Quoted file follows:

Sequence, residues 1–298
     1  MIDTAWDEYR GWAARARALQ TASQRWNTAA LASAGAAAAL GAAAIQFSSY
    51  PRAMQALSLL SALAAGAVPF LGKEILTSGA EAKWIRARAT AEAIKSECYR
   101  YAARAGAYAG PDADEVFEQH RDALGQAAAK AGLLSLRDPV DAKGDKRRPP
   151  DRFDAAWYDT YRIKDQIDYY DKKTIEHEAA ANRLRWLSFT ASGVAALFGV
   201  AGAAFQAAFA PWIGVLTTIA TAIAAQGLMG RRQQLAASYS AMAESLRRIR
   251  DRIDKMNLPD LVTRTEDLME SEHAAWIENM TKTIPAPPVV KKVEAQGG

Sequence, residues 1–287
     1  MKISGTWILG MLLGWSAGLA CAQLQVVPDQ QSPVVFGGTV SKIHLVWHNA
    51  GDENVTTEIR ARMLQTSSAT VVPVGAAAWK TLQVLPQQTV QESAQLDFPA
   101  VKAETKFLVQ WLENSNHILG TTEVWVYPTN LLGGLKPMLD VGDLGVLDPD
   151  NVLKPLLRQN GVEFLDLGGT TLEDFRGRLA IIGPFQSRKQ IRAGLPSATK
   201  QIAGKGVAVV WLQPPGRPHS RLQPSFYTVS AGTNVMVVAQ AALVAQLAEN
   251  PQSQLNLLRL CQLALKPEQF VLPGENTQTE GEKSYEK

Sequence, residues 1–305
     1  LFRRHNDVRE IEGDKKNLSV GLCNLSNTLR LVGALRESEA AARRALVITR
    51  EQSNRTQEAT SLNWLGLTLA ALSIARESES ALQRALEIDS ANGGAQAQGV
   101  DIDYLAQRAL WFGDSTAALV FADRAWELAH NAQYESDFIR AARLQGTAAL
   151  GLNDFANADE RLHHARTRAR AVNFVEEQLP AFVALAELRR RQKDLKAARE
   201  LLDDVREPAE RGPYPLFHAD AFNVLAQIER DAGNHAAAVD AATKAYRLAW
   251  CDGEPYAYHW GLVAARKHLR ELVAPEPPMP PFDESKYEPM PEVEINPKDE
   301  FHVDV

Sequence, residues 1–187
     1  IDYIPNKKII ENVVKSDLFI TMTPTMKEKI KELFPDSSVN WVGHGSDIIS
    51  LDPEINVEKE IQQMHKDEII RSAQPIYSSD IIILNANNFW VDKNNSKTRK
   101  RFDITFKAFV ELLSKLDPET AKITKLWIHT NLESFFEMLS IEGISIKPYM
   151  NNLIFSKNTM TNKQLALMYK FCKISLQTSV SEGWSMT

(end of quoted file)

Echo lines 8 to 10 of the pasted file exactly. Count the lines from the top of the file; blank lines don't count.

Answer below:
Sequence, residues 1–287
     1  MKISGTWILG MLLGWSAGLA CAQLQVVPDQ QSPVVFGGTV SKIHLVWHNA
    51  GDENVTTEIR ARMLQTSSAT VVPVGAAAWK TLQVLPQQTV QESAQLDFPA